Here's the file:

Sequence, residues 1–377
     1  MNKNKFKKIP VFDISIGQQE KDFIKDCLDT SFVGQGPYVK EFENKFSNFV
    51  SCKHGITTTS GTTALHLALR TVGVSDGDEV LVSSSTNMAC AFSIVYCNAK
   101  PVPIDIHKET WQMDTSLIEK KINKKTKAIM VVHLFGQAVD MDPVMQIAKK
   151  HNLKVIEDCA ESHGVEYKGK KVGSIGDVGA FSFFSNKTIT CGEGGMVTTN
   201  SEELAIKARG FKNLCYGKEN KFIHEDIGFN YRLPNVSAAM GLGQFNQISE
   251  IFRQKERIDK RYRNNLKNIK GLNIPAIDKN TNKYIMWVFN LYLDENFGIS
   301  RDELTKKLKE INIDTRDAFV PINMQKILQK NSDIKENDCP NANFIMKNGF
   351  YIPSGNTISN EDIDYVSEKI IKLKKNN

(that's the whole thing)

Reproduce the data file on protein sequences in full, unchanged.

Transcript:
Sequence, residues 1–377
     1  MNKNKFKKIP VFDISIGQQE KDFIKDCLDT SFVGQGPYVK EFENKFSNFV
    51  SCKHGITTTS GTTALHLALR TVGVSDGDEV LVSSSTNMAC AFSIVYCNAK
   101  PVPIDIHKET WQMDTSLIEK KINKKTKAIM VVHLFGQAVD MDPVMQIAKK
   151  HNLKVIEDCA ESHGVEYKGK KVGSIGDVGA FSFFSNKTIT CGEGGMVTTN
   201  SEELAIKARG FKNLCYGKEN KFIHEDIGFN YRLPNVSAAM GLGQFNQISE
   251  IFRQKERIDK RYRNNLKNIK GLNIPAIDKN TNKYIMWVFN LYLDENFGIS
   301  RDELTKKLKE INIDTRDAFV PINMQKILQK NSDIKENDCP NANFIMKNGF
   351  YIPSGNTISN EDIDYVSEKI IKLKKNN